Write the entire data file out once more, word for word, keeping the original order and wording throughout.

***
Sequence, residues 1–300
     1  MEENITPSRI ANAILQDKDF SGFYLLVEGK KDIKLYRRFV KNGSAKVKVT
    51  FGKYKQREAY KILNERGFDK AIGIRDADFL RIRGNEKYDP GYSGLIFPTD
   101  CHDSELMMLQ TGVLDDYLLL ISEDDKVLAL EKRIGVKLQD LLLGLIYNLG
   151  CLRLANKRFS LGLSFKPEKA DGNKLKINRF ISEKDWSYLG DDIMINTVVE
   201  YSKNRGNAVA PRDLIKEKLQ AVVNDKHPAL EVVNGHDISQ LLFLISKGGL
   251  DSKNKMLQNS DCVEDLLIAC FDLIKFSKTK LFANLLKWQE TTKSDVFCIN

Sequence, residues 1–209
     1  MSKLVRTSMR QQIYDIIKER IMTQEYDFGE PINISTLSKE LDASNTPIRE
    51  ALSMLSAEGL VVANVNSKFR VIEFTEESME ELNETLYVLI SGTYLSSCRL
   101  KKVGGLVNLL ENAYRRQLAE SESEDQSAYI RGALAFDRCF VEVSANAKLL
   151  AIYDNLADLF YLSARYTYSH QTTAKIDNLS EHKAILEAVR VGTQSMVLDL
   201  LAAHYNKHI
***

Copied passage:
Sequence, residues 1–300
     1  MEENITPSRI ANAILQDKDF SGFYLLVEGK KDIKLYRRFV KNGSAKVKVT
    51  FGKYKQREAY KILNERGFDK AIGIRDADFL RIRGNEKYDP GYSGLIFPTD
   101  CHDSELMMLQ TGVLDDYLLL ISEDDKVLAL EKRIGVKLQD LLLGLIYNLG
   151  CLRLANKRFS LGLSFKPEKA DGNKLKINRF ISEKDWSYLG DDIMINTVVE
   201  YSKNRGNAVA PRDLIKEKLQ AVVNDKHPAL EVVNGHDISQ LLFLISKGGL
   251  DSKNKMLQNS DCVEDLLIAC FDLIKFSKTK LFANLLKWQE TTKSDVFCIN

Sequence, residues 1–209
     1  MSKLVRTSMR QQIYDIIKER IMTQEYDFGE PINISTLSKE LDASNTPIRE
    51  ALSMLSAEGL VVANVNSKFR VIEFTEESME ELNETLYVLI SGTYLSSCRL
   101  KKVGGLVNLL ENAYRRQLAE SESEDQSAYI RGALAFDRCF VEVSANAKLL
   151  AIYDNLADLF YLSARYTYSH QTTAKIDNLS EHKAILEAVR VGTQSMVLDL
   201  LAAHYNKHI